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the Summer Heat; Plan Ice Breakers for Fall
This article is the second in a series looking at preparation for the next school year.
[more icebreakers here»]
You have a lot of curriculum to cover throughout the school year. Time is precious, and you can't afford to lose the first two weeks of class so the students can learn to get along well together. Coming up with activities to "break the ice" for your students is a great way to cut down on that introductory period. And whether you're a first-year teacher or have been doing this for 20 years, coming up with ideas for the first couple of days can be tough.
Here are some activities you can do to make your students feel at ease as soon as possible.
Each student receives a slip of paper with a song title on it, with about four or five people receiving the same song. They don't show their song to anybody. Instead, they hum their song, walking around the room trying to find other people humming the same song. For younger students, put the name of an animal on their paper. They can walk around making their animal's noise until they find others making the same noise.
Have each student introduce himself by first name and tell something they did this summer that starts with the same letter. For example, I could say "Hi, my name is Nicole, and I nudged the President." The next person in the line (or circle) does the same but must also introduce the people before him and their summer activity.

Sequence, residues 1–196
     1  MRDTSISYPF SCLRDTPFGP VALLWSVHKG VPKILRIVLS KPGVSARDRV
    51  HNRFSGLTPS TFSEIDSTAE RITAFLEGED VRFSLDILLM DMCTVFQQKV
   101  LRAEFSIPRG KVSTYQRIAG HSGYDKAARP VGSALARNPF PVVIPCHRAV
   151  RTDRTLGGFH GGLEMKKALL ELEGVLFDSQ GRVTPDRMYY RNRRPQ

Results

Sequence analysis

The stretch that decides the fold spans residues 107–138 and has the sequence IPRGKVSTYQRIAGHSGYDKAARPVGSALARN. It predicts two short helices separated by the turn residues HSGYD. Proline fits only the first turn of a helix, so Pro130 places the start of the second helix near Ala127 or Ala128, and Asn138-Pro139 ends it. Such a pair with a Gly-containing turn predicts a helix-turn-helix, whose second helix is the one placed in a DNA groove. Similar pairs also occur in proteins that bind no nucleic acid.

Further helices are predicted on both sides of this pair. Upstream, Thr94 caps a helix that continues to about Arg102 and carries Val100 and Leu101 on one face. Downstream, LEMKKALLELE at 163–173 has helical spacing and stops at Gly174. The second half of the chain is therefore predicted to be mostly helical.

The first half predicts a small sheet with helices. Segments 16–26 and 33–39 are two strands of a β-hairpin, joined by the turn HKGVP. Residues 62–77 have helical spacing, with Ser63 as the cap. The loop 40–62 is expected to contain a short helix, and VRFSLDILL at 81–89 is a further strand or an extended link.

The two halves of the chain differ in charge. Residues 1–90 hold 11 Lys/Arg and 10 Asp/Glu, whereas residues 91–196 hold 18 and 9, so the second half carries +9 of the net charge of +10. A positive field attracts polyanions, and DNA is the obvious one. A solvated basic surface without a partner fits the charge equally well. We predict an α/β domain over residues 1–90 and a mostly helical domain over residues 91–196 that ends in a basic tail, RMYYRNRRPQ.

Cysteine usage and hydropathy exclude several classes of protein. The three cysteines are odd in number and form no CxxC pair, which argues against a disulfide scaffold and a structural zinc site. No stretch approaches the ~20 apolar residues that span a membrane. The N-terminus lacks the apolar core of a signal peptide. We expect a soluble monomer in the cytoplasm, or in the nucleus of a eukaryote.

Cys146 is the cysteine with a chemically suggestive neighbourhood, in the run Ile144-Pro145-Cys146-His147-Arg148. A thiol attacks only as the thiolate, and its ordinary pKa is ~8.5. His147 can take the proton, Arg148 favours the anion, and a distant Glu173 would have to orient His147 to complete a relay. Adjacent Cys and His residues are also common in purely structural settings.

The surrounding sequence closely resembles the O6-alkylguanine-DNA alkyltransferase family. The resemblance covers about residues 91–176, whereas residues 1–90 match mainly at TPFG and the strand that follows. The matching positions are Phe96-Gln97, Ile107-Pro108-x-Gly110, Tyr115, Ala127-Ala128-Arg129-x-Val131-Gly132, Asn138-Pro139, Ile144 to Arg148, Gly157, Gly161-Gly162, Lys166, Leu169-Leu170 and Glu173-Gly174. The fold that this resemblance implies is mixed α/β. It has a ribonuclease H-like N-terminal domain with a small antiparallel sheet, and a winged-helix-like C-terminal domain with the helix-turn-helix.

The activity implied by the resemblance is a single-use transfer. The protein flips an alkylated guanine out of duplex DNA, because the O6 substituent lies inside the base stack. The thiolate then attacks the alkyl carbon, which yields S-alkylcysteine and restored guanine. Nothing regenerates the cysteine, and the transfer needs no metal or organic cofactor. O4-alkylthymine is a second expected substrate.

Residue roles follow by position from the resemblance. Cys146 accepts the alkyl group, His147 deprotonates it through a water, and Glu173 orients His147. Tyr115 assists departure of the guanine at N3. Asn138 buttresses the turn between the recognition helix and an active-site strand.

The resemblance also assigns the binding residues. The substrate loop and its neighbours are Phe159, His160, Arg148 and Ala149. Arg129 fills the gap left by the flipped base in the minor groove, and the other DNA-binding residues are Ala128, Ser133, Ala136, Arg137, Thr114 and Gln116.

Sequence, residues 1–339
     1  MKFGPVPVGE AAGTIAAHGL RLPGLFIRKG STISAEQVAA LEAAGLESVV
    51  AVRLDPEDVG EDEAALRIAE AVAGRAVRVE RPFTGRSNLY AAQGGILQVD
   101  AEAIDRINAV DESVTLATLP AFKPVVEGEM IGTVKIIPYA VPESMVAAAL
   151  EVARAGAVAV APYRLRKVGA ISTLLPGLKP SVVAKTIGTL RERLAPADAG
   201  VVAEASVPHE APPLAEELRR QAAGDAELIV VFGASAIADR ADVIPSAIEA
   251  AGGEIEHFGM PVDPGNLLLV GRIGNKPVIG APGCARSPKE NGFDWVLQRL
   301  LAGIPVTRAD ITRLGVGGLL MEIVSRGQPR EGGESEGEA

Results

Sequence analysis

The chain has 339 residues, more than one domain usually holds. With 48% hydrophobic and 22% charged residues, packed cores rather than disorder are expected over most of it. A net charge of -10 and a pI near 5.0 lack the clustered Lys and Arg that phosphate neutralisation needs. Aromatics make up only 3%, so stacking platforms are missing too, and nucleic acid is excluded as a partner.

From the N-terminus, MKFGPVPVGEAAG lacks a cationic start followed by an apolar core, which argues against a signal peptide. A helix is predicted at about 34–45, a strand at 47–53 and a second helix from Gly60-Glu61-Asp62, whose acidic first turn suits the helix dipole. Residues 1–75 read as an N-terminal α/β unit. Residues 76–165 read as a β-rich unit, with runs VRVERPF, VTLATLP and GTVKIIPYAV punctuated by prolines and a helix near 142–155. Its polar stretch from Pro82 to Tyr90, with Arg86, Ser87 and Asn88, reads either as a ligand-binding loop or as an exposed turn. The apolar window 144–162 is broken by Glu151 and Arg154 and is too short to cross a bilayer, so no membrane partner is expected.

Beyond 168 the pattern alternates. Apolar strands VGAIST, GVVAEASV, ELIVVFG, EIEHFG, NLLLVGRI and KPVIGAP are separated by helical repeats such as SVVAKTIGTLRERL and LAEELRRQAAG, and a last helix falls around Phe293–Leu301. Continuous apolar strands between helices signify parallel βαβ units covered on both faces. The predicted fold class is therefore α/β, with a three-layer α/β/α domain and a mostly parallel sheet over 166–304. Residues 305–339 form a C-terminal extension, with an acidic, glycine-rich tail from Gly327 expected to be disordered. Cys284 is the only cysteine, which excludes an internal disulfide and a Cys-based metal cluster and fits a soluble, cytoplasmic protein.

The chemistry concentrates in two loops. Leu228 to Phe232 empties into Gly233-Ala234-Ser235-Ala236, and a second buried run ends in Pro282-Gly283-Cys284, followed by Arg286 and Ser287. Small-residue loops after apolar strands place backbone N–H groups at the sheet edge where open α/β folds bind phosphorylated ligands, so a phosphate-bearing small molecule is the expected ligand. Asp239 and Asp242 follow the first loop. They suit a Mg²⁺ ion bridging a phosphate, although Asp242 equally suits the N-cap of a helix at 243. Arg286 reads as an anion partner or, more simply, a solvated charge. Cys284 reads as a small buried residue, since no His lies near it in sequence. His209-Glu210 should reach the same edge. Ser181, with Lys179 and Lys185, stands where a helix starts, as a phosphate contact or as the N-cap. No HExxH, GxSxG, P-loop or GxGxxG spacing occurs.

Place enough chairs for every student in a circle. Tell the children that you're sure you all have something in common with each other. Then say something like, "I really love pizza. If you love pizza, too, stand up by your seat." Comment on how many and continue with a few more statements like this. Then, and this is where the fun begins, tell the students to move to another seat if must stand in response to the next question. It should not be adjacent to them or occupied. As they do this, you sit in an empty seat. The last child standing will be the next person in the middle who must form an "if" statement. The trick to getting out of the center is to pick something that lots of people will have in common. Your students should learn this after a couple of rounds.
A classic icebreaker is to give your students a "People
Finder Sheet." Make a list of qualifications like "Can speak
another language" or "Has visited Europe." Then have students
seek out these people in your class. Students who meet the qualifications
initial the item. The object of the game is to fill the page with initials,
but they can only use a student's initials once per sheet. Be careful,
though. Because this icebreakers is a classic, many of your older students
will have done this countless times in the past. But you can still use
this icebreaker! The trick is to make the qualifications more interesting
so they can learn fun things about each other.
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